The opening of John Hillcoat's The Proposition wastes no time getting you in the mood. Four or five criminals are being shot at in a small shack and quickly answer back with ample fire power. Blood spurts everywhere, and two Asian prostitutes are quickly disposed of.
It's the 1880s: Dirt and dust are on the rise and hygiene is sadly in decline. The Burns brothers have been split up: Eddie (Danny Huston) has run off into the desert caves of Australia while Charlie (Guy Pearce) and Mike (Richard Wilson) have gotten snagged in a gunfight. The captain of the local English sheriffs, Captain Stanley (a brooding Ray Winstone), has ordered the hanging of Mike but tells Charlie that if he kills Eddie, he will turn them both free.
Hillcoat, who collaborated with screenwriter/crooner Nick Cave in 1988's unfortunate Ghosts of the Civil Dead, conjures up the spirit of the Western film, but there's a more astute sense of personal investment than most Westerns. The way Hillcoat and What Time Is It There? cinematographer Benoit Delhomme shoot the outback gives an added weight to the isolation Charles feels over his decision. Pearce hasn't been this good since Memento, using his boney face as a canvas to show the deep torment the search and conclusion are putting him through.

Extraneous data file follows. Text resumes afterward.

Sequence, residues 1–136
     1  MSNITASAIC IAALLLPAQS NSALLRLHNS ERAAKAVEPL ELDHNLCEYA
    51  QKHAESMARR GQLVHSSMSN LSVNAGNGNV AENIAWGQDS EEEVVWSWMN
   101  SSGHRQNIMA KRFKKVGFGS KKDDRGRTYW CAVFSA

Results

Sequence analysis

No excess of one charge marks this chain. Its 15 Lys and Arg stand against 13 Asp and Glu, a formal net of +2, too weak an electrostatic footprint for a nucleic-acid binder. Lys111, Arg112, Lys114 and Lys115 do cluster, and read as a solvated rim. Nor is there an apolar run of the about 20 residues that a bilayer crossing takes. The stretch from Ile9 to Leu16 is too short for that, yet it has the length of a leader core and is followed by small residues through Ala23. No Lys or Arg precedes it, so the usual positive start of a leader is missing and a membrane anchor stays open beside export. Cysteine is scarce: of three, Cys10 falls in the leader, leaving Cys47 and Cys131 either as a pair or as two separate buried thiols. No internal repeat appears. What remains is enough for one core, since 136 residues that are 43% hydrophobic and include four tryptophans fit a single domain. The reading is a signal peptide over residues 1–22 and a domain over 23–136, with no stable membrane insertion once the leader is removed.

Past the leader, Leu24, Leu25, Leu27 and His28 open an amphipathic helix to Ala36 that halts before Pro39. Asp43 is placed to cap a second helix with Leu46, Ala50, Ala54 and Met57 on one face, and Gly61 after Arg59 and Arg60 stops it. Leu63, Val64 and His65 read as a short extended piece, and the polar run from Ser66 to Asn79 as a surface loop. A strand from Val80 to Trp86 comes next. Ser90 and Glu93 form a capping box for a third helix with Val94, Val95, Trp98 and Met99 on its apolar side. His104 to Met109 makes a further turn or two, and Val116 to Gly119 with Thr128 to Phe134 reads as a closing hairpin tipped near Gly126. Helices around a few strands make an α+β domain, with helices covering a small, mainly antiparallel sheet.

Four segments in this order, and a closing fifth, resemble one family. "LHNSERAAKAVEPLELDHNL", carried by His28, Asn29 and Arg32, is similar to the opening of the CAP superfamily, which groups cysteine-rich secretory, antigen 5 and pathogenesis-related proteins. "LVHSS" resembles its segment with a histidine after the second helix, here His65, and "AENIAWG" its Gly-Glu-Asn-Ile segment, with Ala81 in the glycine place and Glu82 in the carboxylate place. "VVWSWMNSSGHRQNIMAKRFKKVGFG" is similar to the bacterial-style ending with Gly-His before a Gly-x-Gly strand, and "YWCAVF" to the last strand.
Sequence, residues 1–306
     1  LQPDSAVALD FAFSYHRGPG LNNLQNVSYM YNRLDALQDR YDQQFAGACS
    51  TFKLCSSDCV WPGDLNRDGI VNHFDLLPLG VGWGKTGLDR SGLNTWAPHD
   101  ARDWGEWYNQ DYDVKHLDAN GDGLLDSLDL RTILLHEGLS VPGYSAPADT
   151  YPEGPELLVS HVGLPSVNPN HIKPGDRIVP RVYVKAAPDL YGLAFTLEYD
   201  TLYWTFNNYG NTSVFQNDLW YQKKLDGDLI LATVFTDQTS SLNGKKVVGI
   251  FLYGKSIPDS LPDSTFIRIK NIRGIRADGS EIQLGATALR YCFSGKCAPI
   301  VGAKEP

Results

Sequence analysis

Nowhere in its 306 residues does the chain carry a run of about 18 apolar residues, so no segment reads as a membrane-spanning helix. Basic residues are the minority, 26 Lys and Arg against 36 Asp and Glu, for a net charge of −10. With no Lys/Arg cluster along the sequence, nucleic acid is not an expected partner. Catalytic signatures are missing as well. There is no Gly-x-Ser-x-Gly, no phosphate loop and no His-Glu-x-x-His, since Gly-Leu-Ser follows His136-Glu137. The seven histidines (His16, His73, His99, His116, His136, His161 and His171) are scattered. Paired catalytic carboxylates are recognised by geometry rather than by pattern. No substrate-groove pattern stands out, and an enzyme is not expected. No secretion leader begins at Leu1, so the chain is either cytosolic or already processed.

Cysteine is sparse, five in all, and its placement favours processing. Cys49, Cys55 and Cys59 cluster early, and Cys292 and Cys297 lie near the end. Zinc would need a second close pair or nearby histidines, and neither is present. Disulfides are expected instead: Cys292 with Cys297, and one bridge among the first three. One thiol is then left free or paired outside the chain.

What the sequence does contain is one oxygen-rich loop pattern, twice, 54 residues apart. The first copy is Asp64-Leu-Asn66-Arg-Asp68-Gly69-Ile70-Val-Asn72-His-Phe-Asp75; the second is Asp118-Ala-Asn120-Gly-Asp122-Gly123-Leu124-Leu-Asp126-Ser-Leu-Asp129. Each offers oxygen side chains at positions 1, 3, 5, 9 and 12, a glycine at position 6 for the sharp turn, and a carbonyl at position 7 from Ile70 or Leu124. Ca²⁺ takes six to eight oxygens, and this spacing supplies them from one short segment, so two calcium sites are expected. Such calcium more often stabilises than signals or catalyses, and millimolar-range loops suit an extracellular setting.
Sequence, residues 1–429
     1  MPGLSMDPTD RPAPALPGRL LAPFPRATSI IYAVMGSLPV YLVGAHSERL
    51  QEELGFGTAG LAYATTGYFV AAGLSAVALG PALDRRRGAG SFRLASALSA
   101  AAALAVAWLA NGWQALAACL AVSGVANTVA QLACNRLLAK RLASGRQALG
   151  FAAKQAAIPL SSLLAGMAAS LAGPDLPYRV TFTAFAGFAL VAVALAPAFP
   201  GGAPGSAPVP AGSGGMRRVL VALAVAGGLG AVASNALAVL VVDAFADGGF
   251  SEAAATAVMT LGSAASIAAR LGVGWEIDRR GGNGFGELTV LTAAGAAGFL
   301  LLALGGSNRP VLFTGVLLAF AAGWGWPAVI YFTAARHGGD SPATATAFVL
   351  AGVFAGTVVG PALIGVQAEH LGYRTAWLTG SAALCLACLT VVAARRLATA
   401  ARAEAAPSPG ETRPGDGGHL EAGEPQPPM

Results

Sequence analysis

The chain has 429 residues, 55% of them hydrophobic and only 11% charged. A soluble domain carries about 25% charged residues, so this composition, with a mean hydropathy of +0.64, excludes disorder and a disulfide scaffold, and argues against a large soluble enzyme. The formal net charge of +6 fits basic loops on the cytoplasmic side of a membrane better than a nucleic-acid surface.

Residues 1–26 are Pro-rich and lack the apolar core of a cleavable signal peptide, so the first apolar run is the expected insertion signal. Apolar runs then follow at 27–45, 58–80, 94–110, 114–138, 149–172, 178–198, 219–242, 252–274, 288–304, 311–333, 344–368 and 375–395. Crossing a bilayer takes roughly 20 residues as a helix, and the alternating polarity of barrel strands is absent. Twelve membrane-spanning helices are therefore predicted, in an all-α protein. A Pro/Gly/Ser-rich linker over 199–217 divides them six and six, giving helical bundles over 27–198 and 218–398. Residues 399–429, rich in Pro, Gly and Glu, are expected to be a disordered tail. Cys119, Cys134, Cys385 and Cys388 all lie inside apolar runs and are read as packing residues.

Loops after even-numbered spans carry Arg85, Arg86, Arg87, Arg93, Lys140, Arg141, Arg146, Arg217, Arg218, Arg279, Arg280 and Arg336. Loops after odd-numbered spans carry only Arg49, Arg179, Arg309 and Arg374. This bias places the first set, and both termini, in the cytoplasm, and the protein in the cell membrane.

As Charles is making his way to his brother's hideout, Stanley is home, watching over Mike and attempting to tend to his dotting wife (Emily Watson). Things seem fine until one of his superiors, Fletcher (David Wenham), demands that Mike be given 40 licks, against Stanley's wishes.
The ending, set off by Mike's accidental death, is relentless in brutality, and manages to bring all the characters to logical conclusions. The Proposition's main pull, besides a great cast, is the roughed-up, orange and brown atmosphere that Hillcoat brings. The tones all bring out the dirtiness of the lawless outback and the Australian sunsets are captured with luminous power.
The most powerful scenes are small scenes of dialogue: Charles speaking to a hitman (a haunting John Hurt) after his brother, Stanley talking with his wife. It blends the personal feel of a Western (think My Darling Clementine) with the broad Australian atmosphere. It doesn't quite measure up to last year's The Three Burials of Melquiades Estrada, but it's a brutal revivalist Western, filled with moments of raw power and blunt emotions. It's a breath of dusty air in what has been a surprisingly mundane movie year, so far.
I propose a bth.